Naughton is in a musical frame of mind these days. The Naughton Family Singers (him, son Greg, daughter Keira) are set for an American Songbook gig Feb. 25 at the Allen Room at Columbus Circle. Then, the two-time Tony winning bread-winner will press on solo with an engagement at Feinstein's at the Regency, starting toward the end of May.

"Sex and the City"'s Kim Cattrall and Angels in America's Tony Kushner either didn't make it through the security clearance or didn't try, but they were at the theatre, cheering.

Kushner could find himself Oscar-nominated on Tuesday for co-authoring Steven Spielberg's Munich, and he's already deep into Screenplay Two-an original based on an incident that actually happened to the young Eugene O'Neill. "Jack Nicholson was a really great O'Neill, but he'd be too old to play him as a 23-year-old. I should watch his performance again, but Reds is not available on DVD. I want to find out why."

He hasn't titled his new screenplay yet. "It has, like, eight titles, and I haven't settled on one yet. I had a wonderful time working on Munich, but I'm still going to do plays. In fact, I have a new play in the wings now-and a new musical. Next, in the park this summer, I'm doing Mother Courage and Her Children with Meryl"-and with his Caroline, or Change.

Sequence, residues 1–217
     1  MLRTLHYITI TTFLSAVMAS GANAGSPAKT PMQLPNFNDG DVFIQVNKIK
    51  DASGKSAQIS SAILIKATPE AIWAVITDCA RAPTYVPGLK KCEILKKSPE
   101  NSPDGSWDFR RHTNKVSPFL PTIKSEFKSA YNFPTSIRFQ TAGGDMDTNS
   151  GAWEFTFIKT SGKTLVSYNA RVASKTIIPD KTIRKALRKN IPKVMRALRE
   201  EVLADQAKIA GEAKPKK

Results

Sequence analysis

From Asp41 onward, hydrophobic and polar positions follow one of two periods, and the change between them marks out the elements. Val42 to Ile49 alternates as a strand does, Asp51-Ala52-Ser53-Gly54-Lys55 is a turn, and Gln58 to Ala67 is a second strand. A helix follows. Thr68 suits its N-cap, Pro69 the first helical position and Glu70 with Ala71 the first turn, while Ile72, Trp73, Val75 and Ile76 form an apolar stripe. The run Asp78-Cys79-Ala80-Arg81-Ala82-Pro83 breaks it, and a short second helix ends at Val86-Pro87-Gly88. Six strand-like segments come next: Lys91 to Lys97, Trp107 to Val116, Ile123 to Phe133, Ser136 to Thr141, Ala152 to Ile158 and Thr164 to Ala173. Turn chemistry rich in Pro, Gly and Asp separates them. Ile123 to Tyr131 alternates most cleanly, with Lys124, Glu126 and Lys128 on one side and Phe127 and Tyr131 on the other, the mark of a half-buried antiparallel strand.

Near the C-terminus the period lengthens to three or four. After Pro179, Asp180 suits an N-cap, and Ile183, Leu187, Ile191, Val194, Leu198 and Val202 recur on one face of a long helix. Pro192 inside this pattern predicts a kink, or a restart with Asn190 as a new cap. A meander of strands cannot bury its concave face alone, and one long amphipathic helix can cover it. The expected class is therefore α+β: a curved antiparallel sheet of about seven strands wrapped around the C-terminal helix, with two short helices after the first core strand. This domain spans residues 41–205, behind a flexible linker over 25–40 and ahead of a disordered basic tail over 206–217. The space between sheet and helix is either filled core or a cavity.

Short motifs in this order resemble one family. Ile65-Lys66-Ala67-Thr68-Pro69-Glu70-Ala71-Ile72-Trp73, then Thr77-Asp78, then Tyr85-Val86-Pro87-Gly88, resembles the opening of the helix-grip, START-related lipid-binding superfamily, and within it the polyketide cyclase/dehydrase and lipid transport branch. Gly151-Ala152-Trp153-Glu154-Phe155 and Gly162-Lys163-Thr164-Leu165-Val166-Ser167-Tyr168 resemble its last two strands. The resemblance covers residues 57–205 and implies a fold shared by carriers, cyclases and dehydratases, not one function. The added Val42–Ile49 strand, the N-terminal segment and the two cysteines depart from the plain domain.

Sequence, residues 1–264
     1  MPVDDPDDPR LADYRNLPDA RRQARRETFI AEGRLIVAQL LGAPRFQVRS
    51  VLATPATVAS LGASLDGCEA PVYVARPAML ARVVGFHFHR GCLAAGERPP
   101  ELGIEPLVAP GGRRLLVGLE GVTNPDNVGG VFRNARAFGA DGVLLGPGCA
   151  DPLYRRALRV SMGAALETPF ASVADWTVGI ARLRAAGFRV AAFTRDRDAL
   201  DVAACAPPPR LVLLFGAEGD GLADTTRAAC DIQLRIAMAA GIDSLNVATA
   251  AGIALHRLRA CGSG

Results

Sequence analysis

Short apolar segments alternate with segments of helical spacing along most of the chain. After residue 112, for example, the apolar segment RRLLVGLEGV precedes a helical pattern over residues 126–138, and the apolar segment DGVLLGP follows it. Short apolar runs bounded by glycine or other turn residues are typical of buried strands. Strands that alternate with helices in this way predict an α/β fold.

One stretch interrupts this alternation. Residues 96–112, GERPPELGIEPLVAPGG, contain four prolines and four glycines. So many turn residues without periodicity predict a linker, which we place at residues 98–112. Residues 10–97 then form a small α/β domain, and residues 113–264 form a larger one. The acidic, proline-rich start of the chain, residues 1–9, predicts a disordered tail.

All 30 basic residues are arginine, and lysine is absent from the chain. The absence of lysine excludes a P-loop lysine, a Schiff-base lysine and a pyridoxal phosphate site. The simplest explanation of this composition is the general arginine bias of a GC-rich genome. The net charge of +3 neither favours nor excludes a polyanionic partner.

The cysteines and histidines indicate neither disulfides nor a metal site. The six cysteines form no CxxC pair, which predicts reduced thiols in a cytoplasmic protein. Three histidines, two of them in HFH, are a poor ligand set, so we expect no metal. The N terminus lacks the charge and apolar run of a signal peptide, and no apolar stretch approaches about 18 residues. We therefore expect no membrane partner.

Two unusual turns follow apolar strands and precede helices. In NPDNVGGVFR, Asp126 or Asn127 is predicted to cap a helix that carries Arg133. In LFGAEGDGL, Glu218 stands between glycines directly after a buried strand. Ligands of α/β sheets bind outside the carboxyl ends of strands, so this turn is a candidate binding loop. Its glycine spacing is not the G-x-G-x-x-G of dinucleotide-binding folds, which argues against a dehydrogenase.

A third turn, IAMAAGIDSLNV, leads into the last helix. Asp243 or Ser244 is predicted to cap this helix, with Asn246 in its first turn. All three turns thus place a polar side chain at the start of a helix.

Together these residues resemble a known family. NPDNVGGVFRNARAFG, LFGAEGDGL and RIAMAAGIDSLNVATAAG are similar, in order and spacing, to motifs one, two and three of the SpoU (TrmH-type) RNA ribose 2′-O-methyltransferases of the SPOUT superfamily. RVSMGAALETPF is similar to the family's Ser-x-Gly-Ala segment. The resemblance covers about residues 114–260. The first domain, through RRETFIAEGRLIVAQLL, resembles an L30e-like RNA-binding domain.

DR: What is one of the wisest things that anyone has ever said to you?

SJ: One of the wisest things that anyone has ever said to me is also the title of a book.

I used to perform a lot at the Nuyorican Poet's Café on the Lower East Side of New York and Miguel Algarin is one of the founders. He is a writer and a poet; a Puerto Rican American Nuyorican poet. I say Puerto Rican because, even though Puerto Rico is a territory of the United States, there is a struggle there for the people to have their rights honored...Miguel is a very talented Puerto Rican writer and the title of one of his books is Love is Hard Work. It is such a deceptively simple sounding idea but it is so true -

Love is hard work!

DR: What does that mean to you?

SJ: I think about the love that I have for my work or family members or friends or people who I want to create relationships with...the love that I have for the fundamentals of an art format or the love that I have for the people in my life or still loving my work even when it is hard to get on stage because I am having a rough day - that love takes a lot of effort. It is not easy but it is about a commitment. It's about persevering through the hard moments.

Life is often a struggle and that is where the love comes in.

DR: Yes.

What I love about what you are saying is that -

I am sure that when people look at someone like you, someone who has done what you have done, someone who has achieved the level of success that you have, they may be tempted to think that it was easy somehow. Or when people consider a couple that has been happily married for years and years, the tendency might be to think that that couple has an effortlessly great marriage. I think that people have a tendency to look at certain people who have something good, and believe that perhaps those people have something that others don't have, something special, rather than the fact that they have done the work.